Okay, maybe not, but Shadow Ho-oh does have Solar Beam, and the fact that Hidden Power Grass isn’t STAB means that other Hidden Power types can pair with it to make a viable Grass Type set! Ice, Water, Electric… the list goes on, and the viability depends on what Pokemon you’re approaching. At least in theory. Here’s the actual performance against Ho-oh’s age-old nemesis; Groudon:
...well, it definitely lasts! Shadow Ho-oh has a TDO higher than anything that tops the leaderboard when using a Solar Beam set against Groudon, even with a substantially lower HP. This is the tank for keeping alive, but it’s still not an outstanding overall pick. It’s probably best to just stick with Fire or, if you’re lucky, Flying Type movesets.
Flying has a great Charged Move, but a very infrequently obtained Fast Move. Fire has a great Fast Move, but a terrible Charged Move…. It’s too bad we don’t have any types that are weak to both, right?
Wait a second, we do!
Fire and Flying are actually fairly synergetic offensively, and can be used together effectively against Bug and Grass Types, meaning a mix of Incinerate and Brave Bird is perfectly viable in select raids! In order to showcase this, the following calculations are against a Grass Type Arceus, as we have a bit of a lack of big-name Grass or Bug Type raid bosses without sub-types that screw up their weakness/resistance profile and/or add a double weakness.
Well, it’s viable, but it also has a lot of very powerful competition. Still, most of that competition comes in the form of Mega Evolutions, which Shadow Ho-oh doesn’t really compete with directly, meaning it’s actually a solid choice for this role!
The Future of the Rainbow
So we’ve established that Shadow Ho-oh is a bit disappointing. But hey, that’s par for the course, right? The poor thing has been bashed for years, and it likely will be bashed for years to come. But what if this isn’t how it has to be for poor Ho-oh? Two simple, and perfectly reasonable changes could make this Pokemon a monster, so let’s review what it would take to fix poor Ho-oh!
Ho-oh and Gust: The Winds of Change
Gust is a powerful and fairly new Flying Type Fast Move that was introduced for Pidgeot. It’s similar to Incinerate in the fact that it’s slow but powerful, and guess what? Ho-oh can learn it in the main series!
Picking up Gust would instantly fix Ho-oh’s issue of having to roll the dice for Hidden Power Flying, and also give it one of the best possible Flying Type movesets in the entire game. On top of that, it’s an on-brand move that matches what Niantic has been doing with Ho-oh as of late!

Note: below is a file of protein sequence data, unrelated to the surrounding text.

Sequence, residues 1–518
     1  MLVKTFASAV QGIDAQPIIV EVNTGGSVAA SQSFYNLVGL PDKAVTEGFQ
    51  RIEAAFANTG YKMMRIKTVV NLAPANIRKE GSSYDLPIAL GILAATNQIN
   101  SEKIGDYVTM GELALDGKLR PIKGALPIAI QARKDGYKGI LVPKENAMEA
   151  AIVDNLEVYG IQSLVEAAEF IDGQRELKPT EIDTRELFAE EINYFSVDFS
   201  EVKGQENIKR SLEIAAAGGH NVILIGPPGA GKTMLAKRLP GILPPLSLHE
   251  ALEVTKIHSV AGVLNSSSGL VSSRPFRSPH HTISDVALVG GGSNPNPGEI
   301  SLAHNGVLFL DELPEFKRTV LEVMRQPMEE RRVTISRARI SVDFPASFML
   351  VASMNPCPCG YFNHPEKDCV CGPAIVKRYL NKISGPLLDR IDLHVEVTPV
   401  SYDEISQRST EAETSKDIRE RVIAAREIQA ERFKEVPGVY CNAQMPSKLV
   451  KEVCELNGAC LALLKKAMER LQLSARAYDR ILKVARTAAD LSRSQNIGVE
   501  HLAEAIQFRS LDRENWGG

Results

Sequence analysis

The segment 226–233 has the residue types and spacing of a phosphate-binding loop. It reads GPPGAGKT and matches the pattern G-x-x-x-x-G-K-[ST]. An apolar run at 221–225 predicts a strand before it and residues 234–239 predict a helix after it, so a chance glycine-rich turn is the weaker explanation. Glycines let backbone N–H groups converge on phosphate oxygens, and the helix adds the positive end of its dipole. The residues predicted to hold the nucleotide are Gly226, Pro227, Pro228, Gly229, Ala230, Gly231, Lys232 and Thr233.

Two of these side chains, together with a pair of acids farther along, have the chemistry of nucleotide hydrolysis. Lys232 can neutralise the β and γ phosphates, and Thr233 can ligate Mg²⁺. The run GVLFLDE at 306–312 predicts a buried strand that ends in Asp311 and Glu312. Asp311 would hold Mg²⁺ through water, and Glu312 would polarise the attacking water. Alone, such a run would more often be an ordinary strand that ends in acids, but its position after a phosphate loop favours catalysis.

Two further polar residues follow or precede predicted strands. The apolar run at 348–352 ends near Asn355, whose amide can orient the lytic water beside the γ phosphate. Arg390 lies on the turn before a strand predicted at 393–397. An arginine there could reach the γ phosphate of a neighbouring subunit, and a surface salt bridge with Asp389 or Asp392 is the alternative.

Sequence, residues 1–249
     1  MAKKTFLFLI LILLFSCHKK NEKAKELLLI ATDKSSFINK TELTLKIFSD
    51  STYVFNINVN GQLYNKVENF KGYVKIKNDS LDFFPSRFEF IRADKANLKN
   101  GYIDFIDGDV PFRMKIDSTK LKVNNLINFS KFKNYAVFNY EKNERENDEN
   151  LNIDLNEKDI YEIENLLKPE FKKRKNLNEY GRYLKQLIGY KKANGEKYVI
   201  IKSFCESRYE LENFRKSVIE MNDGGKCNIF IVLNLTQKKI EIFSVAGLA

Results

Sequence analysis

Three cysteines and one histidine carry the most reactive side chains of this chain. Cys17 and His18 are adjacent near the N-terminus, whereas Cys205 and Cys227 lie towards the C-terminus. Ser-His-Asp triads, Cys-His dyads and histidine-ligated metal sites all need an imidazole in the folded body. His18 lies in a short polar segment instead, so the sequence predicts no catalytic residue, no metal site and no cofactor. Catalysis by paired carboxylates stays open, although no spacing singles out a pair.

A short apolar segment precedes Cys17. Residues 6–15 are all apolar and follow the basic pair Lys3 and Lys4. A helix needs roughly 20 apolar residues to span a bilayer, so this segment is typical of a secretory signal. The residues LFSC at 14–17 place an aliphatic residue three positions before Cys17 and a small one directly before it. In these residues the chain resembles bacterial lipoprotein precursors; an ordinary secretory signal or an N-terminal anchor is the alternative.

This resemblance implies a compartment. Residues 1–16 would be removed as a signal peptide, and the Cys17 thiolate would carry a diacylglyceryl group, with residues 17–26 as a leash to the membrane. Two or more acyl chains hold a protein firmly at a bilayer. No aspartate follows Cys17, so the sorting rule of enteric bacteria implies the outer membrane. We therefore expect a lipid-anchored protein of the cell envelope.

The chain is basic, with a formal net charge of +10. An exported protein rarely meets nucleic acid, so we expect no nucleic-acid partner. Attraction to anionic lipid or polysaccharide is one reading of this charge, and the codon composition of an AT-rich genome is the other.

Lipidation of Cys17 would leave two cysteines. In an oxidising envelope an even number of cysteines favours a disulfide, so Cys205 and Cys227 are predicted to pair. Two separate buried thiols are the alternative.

With this, Ho-oh becomes very powerful as a Flying Type attacker, directly competing with even Shadow Moltres for the crown via the age-old “a little DPS for a little TDO” trade-off. This alone would make Shadow Ho-oh a very viable choice for Flying Type damage, and would go a huge ways towards patching up Ho-oh’s performance!
Ho-oh and Sacred Fire: A Blaze of Glory
Mewtwo has Psystrike, and Lugia has Aeroblast. If we’re following the line of major Legendary Pokemon signature moves in order of their initial release, then Ho-oh is next with Sacred Fire.
While we don’t know when/if this move will be released, we can draw a bit of speculation as to what it might be able to do. So far, we haven’t seen parity with Legendary Pokemon Signature Moves so far. However, we do know that the Signature Moves of Groudon and Kyogre, Precipice Blades and Origin Pulse respectively, have identical stats in the game master currently. If we follow these lines, then it’s a reasonable assumption that Sacred Fire may follow the same basic lines as Lugia’s Aeroblast. Given that assumption, this is what one variant of Sacred Fire could look like with Shadow Ho-oh:
...wow. Given these parameters, Ho-oh skyrockets in performance and could potentially take its place as what is arguably the absolute king of the non-Mega FIre Types. The performance here is astonishing, as it provides huge DPS and outstanding TDO to create a monster of a Pokemon. If Sacred Fire turns out to be anything even mildly along these lines, then Shadow Ho-oh has tremendous potential to become a meta threat, and even more-so if it’s also given Gust at some point in the future!
All in all, Shadow Ho-Oh is...mixed. While it's not at the top of the board for anything, it's at the very least interesting in every context. There's something here for PvPers, as well as challenge raiders. In the end, this really does leave us asking, though: Sacred Fire When?